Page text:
April 16, 2020 at 4:39 pm #8526Eric MagrumKeymaster
Hey guys here is the recent article in AJSM that got me on a soapbox today during journal club.
Have a read discuss how this information (metrics) helps with article selection.
There is controversy throughout this as everything else.
Where does social media fit in in an academic setting in 2020?
Attachments:You must be logged in to view attached files.
April 19, 2020 at 11:12 am #8529pbarrettcolemanParticipant
Social media should be the great equalizer where the best and most impactful studies get filtered to the top, and we reward people in academia who are really moving us forward.
However, social media “influencers” within physical therapy do the same thing everyone else does: it’s about branding, imaging, creating buzz, and building an echo chamber.
There is a person I work with who has a podcast and an online platform who I’ve had discussions with previously. He is of the thought that everything we do is either a placebo or nocebo. Manual therapy isn’t directly affecting a tissue or system, it’s about the person’s belief. Everything is a non-specific input.
After looking at his cohort of people he interacts with online, I can see where this is all coming from. Instagram is filled with a lot of “manual therapy sucks” people. These folks cherry pick which studies they present so they can appear as cutting edge, open, and trendy. They create caricatures of manual therapists and then project how superior they are by defeating strawman arguments that no one actually holds.
It’s a shame really. (As a disclaimer, I don’t think this guy is doing this, but a helluva lot of people near him are).
So when it comes to this article and looking at social media impact, I’m not sure we should go down this route and hold that up high as a good thing. Social media is for hype and attention which certain topics and articles are better at creating. I don’t think we should necessarily reward the bad behavior I see happening online. Just going by rote numbers might be misleading of what’s actually happening, but I”m not sure how else you would track it unless you chose certain accounts and sources as the “reliable” sources.
April 20, 2020 at 11:31 am #8530Taylor BlattenbergerParticipant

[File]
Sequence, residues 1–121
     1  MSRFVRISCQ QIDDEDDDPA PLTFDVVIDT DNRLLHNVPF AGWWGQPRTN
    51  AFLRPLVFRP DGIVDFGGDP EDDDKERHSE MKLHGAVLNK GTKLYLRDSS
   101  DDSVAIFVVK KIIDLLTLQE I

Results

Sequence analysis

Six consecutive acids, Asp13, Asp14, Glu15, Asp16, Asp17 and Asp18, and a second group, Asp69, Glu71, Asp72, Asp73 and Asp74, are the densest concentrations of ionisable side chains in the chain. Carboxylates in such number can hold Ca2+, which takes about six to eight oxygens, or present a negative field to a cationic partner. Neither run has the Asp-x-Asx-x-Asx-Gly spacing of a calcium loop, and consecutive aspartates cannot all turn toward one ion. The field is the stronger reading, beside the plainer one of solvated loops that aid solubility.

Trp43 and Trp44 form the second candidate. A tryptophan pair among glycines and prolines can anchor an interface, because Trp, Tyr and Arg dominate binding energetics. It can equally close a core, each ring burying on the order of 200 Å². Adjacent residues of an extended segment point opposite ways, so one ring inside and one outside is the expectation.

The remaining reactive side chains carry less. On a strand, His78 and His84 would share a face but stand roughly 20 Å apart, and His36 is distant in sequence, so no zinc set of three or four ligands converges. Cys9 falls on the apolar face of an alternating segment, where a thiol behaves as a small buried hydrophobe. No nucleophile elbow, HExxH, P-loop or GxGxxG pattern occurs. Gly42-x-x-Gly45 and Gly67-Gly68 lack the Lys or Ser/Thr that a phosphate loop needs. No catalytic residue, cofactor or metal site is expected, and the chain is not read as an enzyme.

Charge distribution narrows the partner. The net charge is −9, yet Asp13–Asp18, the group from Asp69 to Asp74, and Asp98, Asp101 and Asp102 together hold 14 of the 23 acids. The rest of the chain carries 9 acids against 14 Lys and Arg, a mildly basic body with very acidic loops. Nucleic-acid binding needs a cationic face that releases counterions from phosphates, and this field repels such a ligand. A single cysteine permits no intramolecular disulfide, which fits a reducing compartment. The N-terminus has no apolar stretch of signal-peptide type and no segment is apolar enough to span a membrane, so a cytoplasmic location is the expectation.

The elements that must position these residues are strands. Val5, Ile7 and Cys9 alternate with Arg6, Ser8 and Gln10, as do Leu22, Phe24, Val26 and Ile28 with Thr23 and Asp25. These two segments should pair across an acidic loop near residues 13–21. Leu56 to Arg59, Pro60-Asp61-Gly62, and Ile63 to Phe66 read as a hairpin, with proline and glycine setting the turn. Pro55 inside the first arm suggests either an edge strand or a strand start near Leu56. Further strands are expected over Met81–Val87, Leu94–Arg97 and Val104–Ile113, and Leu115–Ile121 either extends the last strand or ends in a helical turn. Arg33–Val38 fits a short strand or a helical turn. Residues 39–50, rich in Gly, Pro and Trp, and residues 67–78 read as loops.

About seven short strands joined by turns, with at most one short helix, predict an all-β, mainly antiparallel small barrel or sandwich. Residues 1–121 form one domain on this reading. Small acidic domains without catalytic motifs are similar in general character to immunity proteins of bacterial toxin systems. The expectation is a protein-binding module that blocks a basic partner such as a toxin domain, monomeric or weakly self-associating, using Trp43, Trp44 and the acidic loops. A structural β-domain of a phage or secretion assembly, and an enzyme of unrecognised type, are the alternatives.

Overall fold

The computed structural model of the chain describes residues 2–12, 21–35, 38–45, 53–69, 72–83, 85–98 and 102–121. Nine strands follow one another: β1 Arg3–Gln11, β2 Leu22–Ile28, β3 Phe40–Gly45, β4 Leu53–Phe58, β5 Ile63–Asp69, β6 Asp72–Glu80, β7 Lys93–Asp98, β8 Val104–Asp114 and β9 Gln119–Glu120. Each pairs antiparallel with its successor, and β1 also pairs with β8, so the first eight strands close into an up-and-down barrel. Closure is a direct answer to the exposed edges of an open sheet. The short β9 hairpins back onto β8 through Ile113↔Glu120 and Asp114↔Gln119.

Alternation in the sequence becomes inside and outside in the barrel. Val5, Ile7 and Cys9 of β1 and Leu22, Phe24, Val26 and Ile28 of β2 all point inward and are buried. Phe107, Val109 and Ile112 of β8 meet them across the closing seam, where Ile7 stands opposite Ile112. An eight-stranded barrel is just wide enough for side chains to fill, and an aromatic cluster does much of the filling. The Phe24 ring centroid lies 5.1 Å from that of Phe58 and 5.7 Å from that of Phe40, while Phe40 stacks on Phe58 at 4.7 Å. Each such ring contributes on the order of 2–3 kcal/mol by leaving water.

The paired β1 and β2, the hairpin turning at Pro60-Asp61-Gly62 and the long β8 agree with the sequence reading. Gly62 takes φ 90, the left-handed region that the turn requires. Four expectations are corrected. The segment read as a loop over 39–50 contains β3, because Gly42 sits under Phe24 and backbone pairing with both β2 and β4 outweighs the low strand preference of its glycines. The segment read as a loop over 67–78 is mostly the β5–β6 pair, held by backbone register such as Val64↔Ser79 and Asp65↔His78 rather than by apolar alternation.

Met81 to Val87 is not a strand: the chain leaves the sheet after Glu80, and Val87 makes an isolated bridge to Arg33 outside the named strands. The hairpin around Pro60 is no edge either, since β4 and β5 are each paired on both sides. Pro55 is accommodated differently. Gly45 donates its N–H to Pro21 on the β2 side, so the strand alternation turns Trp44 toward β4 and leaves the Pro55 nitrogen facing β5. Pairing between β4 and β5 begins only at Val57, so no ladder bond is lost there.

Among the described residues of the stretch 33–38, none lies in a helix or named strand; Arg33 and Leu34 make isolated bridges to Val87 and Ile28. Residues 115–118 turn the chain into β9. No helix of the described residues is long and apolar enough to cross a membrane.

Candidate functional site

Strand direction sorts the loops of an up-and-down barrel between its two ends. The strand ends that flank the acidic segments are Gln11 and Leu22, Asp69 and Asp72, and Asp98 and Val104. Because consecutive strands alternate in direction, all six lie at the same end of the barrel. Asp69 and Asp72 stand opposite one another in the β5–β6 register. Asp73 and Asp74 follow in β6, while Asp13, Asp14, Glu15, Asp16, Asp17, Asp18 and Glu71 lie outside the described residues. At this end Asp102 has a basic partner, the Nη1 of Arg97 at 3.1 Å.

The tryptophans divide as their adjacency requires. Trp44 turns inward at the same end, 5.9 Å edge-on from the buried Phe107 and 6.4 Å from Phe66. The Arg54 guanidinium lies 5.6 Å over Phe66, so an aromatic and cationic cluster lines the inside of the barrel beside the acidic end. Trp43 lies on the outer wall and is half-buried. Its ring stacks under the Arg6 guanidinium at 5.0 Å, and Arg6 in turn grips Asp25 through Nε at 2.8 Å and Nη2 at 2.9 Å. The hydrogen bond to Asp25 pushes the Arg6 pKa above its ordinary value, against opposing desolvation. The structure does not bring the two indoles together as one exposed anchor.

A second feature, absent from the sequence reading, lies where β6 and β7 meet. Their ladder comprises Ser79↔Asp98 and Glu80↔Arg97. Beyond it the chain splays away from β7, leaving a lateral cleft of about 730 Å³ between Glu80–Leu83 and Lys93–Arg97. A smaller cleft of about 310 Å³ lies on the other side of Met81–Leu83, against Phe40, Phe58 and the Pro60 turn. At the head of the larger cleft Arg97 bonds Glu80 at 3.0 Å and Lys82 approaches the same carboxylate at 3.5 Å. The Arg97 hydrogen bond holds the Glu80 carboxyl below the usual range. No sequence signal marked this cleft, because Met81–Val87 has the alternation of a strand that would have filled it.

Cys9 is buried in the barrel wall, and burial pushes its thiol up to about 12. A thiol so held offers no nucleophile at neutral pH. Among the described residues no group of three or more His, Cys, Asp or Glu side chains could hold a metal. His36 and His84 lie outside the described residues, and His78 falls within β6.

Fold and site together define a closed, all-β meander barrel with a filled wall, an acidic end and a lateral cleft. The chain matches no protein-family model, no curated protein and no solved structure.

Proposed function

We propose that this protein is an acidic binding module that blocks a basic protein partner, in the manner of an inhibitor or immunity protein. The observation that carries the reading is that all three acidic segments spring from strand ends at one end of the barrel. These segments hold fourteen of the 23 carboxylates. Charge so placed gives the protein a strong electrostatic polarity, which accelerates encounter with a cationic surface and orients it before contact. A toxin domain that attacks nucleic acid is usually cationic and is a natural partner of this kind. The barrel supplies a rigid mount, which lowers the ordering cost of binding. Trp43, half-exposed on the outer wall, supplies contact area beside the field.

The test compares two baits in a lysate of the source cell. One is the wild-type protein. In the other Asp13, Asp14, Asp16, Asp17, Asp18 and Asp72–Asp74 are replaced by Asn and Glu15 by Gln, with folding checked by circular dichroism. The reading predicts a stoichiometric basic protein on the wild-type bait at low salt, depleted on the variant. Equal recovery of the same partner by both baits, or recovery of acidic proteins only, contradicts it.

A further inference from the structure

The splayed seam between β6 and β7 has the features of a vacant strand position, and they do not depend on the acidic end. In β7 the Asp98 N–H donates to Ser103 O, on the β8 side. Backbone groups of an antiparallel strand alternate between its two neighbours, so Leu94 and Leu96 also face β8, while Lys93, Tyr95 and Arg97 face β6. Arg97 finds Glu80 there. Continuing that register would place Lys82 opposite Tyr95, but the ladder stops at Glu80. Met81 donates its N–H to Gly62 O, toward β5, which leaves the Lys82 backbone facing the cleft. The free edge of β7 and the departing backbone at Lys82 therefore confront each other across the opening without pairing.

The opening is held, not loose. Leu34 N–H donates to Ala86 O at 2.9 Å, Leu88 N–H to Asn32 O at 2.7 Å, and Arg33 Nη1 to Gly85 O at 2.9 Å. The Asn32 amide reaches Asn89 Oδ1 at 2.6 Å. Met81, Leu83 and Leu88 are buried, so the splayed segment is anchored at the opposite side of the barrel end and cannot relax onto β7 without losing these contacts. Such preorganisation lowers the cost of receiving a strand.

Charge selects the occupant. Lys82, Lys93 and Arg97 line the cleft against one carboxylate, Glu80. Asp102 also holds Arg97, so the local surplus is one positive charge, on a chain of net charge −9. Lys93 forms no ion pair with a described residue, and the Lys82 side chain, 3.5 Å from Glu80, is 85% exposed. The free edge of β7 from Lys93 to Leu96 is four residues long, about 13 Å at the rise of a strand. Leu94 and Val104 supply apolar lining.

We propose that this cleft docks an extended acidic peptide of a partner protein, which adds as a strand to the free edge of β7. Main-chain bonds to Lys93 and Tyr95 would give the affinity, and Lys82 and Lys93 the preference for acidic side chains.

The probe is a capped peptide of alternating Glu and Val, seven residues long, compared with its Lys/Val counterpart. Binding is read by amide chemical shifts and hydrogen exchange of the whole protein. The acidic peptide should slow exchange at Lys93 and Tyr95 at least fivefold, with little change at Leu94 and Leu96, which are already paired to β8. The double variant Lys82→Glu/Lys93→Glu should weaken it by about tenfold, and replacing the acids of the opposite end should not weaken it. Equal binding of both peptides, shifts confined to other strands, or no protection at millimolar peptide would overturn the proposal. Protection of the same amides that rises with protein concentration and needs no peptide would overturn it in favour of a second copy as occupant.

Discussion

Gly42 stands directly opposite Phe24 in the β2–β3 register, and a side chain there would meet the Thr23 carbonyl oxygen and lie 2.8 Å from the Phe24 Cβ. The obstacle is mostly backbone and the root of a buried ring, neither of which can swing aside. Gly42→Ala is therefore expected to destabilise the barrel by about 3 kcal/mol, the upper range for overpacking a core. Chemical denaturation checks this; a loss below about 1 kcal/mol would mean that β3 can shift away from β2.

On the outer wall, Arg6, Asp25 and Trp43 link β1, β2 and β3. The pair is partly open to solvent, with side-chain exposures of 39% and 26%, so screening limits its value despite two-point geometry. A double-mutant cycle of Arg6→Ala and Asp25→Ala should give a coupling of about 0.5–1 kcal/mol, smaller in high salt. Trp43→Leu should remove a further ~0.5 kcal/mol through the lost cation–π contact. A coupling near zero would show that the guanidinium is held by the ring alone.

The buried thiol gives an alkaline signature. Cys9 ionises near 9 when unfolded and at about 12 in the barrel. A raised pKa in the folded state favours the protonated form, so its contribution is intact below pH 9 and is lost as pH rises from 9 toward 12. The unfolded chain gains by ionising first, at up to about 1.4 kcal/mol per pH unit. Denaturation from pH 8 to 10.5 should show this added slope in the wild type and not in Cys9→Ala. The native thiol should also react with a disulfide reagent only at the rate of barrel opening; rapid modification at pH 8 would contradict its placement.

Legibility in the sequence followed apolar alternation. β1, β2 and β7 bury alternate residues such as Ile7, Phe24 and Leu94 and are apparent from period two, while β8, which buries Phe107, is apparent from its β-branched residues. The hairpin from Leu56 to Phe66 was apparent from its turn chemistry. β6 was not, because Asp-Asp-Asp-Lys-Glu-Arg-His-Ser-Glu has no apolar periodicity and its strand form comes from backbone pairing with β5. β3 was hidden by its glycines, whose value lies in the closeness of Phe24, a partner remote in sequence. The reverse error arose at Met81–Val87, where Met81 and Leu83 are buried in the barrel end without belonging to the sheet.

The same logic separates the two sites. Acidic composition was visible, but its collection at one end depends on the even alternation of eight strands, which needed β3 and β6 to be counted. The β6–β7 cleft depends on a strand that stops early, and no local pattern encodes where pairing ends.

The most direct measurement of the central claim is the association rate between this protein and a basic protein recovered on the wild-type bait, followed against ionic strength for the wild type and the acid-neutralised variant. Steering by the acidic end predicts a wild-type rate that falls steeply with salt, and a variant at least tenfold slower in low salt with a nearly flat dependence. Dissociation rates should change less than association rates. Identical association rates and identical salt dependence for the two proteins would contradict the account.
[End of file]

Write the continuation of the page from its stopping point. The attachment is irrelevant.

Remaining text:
Barrett – I absolutely agree with your critic of social media. It is an extremely volatile medium of communication and even in a professional setting can quickly dissolve into echo chambers and clique wars.
You also bring a good point to finding reliable sources on social media. See: Kardashian Index for a somewhat satirical, but relevant point to this discussion.
I do think this metric can have significant value to the academic world. The scope of academic literature reaches beyond research application. Clinicians use this research to update their practice and apply new techniques. If something is being circulated at the bottom of the traditional research pyramid (us in clinical practice), that should be reflected. It will give a look into what things are driving clinical practice and what trends are being formed.
Even if the numbers are inflated by gimmicky influencers, this measure will still provide insight to what is rising to the top and why things are trending in certain ways.
Attachments:You must be logged in to view attached files.
April 21, 2020 at 9:28 am #8533awilson12Participant
I think this brings up some interesting points about “popularity” of articles, things that may be driving what is put out on social media, and the impact on how that affects lit searches. Personally I don’t know/understand a whole lot about impact factor, metrics, etc. so this hasn’t been something that specifically drives my decision making when reviewing articles. However, I now have a better understanding of specific journals that tend to put out more solid and trustworthy articles, and try and stick to using their research to guide decision making vs a more obscure journal.
Going off of what Barrett was saying, I think that with social media you are naturally going to follow people/groups that have similar ideology and biases that will just continue to feed into these things. Not always a bad thing but something to be aware of and not get caught up in these accounts being the end all be all.
To Taylors point of these types of metrics giving good information about “trends” in physical therapy- this is something I didn’t think about and is an interesting point. The types of things that are more heavily circulated can give insight to practice pattern and should drive the discussion of why these things are being “boosted.”